In May there will be an annual race in Denver called the Colfax Marathon, and it’s an awesome opportunity to lift up organizations that strengthen our communities. The local non-profit I’ll run a 5k for is called Mirror Image Arts. They use theater to talk with students about bullying. I’m all about affecting tangible change in young people’s lives, so I was drawn to this organization when my friend suggested it to me. I’ll share a story about how I had been bullied way back when, a time when I was a bully, and what theater taught me.
When I was growing up in a rural village in Cameroon, my family stood out because we weren’t white like the American missionaries, and we weren’t black like our Cameroonian neighbors. We were brown Malagasy folks. The Americans had higher incomes than us, and we had higher incomes than our Cameroonian friends. I learned that quickly as a kid. I also learned that because I had different-colored skin than the rest of the kids in Sunday school class, and had different physical features, and that my family could afford coloring pencils, I was different from my classmates. They made fun of me for what I looked like. They scoffed at my brightly-colored pages, even when I offered to share my coloring pencils. I detested Sunday school, and I hated church.
In that same village, when we were about to move away (I was 12 or 13 years old), we had a garage sale. Because I had acquired French pop and culture magazines from when we’d travel to Cameroon’s capital, I had posters of pop stars. I had a rivalry with a chubby Cameroonian neighbor and I didn’t like her because she was mean to my best friend at the time. I had my conniving ways (I was a sneaky kid, I think Mom got called once because I tried to trick a boy into kissing me…poor kid was completely clueless and his mother gave me the shadiest side eye lol…poor Mom). Prior to the garage sale, I sidled up to Chubby Rival and promised her all my cool posters. She beamed at me and agreed. Then I let my best friend know that I actually would give HER my posters and that Chubby Rival would get her hopes up for nothing. Yes, I was a maniacal little monster (again, poor Mom had to deal with me). I did exactly as I planned with giving my posters to my best friend and our family moved away. When we came back to visit a year or two later, I sought out Chubby Rival and apologized to her for my actions. She forgave me. I told my therapist the other day that I was surprised that as a kid I sought out reconciliation with people I hurt. She said that it meant that I acted on principle (I also know I’m her favorite client).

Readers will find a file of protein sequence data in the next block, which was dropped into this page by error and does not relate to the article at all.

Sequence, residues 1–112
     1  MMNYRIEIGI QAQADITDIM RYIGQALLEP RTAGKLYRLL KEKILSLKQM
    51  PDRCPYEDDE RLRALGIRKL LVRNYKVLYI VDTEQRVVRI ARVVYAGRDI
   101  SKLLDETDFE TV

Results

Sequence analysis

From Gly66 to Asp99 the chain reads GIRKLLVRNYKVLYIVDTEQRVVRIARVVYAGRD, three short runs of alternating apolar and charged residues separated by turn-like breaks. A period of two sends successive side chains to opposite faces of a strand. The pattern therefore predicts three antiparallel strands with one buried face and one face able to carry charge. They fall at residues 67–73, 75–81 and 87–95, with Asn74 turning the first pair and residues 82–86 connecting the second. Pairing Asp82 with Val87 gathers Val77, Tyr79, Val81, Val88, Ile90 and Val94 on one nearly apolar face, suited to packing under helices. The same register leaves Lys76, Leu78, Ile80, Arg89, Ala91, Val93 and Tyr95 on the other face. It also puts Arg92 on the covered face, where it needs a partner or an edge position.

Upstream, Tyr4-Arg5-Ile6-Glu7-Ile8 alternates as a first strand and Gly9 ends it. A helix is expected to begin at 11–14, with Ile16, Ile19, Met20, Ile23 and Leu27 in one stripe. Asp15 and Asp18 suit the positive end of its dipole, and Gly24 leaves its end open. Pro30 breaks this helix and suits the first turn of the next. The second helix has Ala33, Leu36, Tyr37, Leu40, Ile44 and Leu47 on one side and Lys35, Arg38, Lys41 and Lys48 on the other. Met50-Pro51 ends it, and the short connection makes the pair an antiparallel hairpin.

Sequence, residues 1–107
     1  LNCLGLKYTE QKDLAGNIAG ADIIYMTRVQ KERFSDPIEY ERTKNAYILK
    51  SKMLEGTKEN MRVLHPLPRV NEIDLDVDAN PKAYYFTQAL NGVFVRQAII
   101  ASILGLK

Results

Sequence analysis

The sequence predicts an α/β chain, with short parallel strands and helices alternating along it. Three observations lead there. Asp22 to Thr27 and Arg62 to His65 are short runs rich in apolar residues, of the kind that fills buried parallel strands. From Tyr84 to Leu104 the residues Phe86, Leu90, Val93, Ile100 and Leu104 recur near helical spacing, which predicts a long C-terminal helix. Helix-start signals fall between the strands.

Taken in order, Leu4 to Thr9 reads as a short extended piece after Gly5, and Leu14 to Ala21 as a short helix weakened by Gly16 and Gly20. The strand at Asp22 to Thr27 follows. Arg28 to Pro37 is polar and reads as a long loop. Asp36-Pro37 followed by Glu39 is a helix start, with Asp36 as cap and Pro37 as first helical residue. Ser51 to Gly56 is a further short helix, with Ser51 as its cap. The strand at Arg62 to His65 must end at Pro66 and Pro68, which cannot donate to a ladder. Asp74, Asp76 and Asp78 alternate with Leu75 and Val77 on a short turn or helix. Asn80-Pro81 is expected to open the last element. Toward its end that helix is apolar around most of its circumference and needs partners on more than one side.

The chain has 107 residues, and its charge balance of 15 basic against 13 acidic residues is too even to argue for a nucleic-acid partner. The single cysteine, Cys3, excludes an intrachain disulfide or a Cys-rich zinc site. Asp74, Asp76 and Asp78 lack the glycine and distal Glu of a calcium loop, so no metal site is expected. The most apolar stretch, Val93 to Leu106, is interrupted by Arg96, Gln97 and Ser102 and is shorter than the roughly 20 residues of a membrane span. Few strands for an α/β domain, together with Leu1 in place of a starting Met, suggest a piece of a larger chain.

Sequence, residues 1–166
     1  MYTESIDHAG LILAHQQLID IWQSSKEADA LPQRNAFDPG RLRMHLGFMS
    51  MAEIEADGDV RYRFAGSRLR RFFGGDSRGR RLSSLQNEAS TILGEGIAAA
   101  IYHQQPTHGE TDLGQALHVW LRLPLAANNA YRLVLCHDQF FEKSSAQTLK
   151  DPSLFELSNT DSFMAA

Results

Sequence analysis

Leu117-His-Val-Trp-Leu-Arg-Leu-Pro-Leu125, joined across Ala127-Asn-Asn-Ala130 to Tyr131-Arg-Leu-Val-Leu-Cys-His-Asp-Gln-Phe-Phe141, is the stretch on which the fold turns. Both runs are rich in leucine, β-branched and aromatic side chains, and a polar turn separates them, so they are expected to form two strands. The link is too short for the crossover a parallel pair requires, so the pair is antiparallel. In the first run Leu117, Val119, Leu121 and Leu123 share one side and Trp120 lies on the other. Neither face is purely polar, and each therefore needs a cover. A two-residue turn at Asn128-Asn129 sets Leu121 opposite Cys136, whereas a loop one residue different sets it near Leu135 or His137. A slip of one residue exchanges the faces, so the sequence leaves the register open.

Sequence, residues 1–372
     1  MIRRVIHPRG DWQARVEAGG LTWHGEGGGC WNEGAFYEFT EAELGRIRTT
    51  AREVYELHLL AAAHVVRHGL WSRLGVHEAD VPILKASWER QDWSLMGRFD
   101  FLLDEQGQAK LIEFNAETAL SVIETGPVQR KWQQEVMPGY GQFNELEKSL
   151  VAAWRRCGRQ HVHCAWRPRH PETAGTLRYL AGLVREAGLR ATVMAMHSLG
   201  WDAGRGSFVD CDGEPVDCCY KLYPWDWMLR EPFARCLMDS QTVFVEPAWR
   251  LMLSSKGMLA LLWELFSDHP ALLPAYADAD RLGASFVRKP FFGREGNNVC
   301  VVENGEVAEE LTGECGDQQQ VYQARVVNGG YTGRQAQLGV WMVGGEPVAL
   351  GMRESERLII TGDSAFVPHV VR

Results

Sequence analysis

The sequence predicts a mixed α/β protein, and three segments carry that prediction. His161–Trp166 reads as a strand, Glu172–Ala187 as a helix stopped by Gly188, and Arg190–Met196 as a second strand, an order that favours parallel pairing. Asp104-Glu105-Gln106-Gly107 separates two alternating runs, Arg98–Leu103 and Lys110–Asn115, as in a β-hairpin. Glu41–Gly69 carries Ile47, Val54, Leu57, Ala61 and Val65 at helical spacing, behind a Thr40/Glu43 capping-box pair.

Moving on to high school, I didn’t really experience bullying…if you don’t count my former roommate giving me the cold shoulder when I stood up to her saying something mean about another person. I acted in two plays. One of my roles required me to kiss a boy who happened to be from Ireland. If you know anything about my current self, you’ll know that I have a tendency to be drawn to Irish men. I. Don’t. Know. Why. However, being in high school, I refused to kiss said Irishman (I was a stupid girl in that respect) because I was a goddam prick…something about “saving my first kiss for marriage” lol Mind you, I had already kissed someone but maybe I was just terrified that I’d fall in love with this boy who played my romantic counterpart. #kisstheIrish
I’m sorry, did we get distracted? Being in plays was fun. I liked the attention. I have a slight flair for drama *sarcasm*. Nevertheless, I learned how to be a part of a team, how to work hard on memorizing my lines, and how to perform on stage. It gave me a sense of camaraderie and purpose, especially when I did a good job.
Theater wasn’t the be all end all for me, but it helped boost my fledgling self-confidence as a teen. I think what Mirror Image Arts is doing will put kids on the path of empathy- because watching or participating in acting is all about seeing something from another person’s point of view. Maybe once you get to know your neighbor, and what led to their hurts, you can become more compassionate toward them. Maybe even apologize for when you pushed them out. What I loved first about Mirror Image Arts was that they go into public schools and engage students of all ethnic backgrounds, creeds, and income levels. All kids need eye-opening experiences on the subject of bullying, but kids who come from unstable or struggling homes have even more reason to learn how to stand up for themselves because they are used to facing chaos. I’m glad that I get to be a part of sharing this organization’s mission in impacting children for the better 🙂